It was 2014, and we were dangerously low on cash. We were too early to raise our Series A. The end of runway loomed, and we were barreling towards it.
I was at the end of a diligence process with an investor I admired. I had pitched his partners, he‘d done customer calls, and he was going to visit our office. The deal felt imminent.
The morning of the office visit, he called me up:
“Your customers are absolutely in love with your service, the calls were great! Unfortunately, we don’t have the conviction to move forward.
We don’t believe you’re out for blood.”
I was devastated. My co-founder and I put a tremendous amount of time and energy into scaling the business. We also put great thought and conviction into our compassionate culture. I asked myself a slew of questions:
“Am I tough enough to run this, or any business?”
“Should we drive our people into the ground to maximize productivity?”
“Are we valuing culture over growth? Is that wrong?”
Here’s the email that I wrote back to the investor a few days later (sentences blocked to preserve his privacy):
I realized that he was right. I’m not out for blood. I’m out for love.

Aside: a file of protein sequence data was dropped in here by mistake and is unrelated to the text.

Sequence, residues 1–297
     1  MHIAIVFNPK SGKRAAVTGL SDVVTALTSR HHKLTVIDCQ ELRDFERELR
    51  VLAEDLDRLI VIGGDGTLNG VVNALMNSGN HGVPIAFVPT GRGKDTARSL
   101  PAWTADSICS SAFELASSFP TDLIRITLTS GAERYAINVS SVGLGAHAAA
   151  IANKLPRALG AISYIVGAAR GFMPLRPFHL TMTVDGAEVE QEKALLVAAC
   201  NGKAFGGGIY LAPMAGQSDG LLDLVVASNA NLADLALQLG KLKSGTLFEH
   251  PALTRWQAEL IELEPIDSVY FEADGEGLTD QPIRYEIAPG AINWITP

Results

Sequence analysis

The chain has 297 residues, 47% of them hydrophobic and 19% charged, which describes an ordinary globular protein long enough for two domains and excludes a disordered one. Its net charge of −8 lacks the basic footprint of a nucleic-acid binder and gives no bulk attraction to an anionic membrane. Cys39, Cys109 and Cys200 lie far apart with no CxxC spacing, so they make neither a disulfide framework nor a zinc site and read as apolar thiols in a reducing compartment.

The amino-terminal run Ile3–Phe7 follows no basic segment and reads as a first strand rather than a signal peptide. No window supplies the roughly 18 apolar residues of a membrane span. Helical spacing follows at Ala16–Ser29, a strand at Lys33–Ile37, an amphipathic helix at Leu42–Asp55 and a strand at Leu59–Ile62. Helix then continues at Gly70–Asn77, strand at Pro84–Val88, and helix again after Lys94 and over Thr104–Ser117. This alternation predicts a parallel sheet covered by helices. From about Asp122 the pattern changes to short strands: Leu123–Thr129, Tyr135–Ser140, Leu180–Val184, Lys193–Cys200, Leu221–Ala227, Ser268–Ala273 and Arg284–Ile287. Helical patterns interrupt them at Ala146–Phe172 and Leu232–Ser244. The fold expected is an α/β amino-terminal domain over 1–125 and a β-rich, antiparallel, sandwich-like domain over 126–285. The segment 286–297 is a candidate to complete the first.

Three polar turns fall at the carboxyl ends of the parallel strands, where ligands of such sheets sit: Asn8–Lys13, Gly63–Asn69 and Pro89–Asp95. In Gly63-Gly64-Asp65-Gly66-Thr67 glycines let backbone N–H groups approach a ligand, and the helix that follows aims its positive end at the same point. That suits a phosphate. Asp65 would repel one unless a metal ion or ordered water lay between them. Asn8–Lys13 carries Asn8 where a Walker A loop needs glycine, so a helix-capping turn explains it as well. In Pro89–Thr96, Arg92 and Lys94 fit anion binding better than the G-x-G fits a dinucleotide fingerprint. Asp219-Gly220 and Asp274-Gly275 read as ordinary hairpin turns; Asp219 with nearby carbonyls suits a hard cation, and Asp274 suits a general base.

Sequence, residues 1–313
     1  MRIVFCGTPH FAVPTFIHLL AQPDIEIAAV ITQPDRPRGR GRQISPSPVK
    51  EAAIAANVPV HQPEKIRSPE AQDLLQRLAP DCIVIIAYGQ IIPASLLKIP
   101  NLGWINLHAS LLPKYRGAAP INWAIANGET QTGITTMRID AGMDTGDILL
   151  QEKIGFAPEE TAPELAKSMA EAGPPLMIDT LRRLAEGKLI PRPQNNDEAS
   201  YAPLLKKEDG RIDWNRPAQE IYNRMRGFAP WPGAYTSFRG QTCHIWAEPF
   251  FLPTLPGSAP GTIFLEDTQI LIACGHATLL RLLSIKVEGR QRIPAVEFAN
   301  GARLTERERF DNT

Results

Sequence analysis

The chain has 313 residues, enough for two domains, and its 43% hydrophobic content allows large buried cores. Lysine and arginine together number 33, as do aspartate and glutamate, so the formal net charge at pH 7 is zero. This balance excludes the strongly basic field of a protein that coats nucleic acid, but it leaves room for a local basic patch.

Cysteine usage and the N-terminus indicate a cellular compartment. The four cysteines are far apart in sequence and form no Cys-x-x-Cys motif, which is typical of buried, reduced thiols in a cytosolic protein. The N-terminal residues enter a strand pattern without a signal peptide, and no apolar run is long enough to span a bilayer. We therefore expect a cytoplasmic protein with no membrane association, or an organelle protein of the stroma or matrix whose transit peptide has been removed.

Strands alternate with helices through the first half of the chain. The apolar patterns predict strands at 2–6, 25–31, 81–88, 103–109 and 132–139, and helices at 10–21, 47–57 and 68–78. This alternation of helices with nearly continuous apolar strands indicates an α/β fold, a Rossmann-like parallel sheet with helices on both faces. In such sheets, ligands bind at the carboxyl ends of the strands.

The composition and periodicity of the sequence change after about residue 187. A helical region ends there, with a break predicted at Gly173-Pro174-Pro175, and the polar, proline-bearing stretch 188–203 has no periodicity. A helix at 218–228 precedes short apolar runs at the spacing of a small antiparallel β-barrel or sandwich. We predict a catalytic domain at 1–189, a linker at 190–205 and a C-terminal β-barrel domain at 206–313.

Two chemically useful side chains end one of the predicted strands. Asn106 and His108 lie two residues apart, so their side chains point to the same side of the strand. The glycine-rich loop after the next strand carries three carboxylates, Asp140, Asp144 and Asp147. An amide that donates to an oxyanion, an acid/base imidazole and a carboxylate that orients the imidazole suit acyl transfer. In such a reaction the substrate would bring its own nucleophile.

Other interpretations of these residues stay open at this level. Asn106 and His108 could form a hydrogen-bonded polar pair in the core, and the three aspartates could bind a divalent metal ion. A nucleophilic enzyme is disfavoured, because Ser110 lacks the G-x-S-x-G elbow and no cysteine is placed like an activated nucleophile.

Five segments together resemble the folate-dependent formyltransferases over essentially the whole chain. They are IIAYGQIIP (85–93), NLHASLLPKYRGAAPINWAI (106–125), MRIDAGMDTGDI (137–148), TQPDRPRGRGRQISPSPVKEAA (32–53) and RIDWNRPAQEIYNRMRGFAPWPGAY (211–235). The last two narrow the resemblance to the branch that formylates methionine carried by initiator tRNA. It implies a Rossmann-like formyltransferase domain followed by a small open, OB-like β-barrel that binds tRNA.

Love means that you care about humans. And — surprise! — humans have emotions. So you make space for that.
Love means you embrace what you’re feeling — if you’re having a shit day, you’re allowed to say it. You’ll find, in fact, that naming the emotion helps you move through it quicker.
Love means that you think about the long-term sustainability of your team — instead of churning through your people, how can you make your culture champions and most passionate people thrive for the long haul? Reducing turnover costs is a real, tangible win.
Love means compassionate termination — if someone intrinsically-motivated isn’t performing, they are miserable. Sometimes the most compassionate thing you can do is let someone go to pursue their best work elsewhere.
Needless to say, it didn’t work out with the investor and I — which was for the best. But I’m grateful for his candor. That interaction forced me to make an intentional choice, instead of a quiet one tinged with shame.
And that’s why I choose to build a love company.
I have no idea if Chewse will be the massive company Uber is. But, I’m convinced that if we build a company that’s authentic and compassionate, we will create long-term value.
I’m going to write in detail about how the principles of a love company come to life (I’ve already written about Attitudes of Gratitude and Authentic Job Interviews). They won’t fit most companies, but hopefully they are a starting point for fellow founders looking to cultivate cultures of compassion.
Building a company is hard, but building one with an authentic point of view is harder. It means saying no to exceptionally talented candidates who don’t fit your culture. It means telling investors things most don’t want to hear when they stand between you and that extra 12 months of cash you so desperately need.
And, ultimately, it means knowing that it’s worth it :)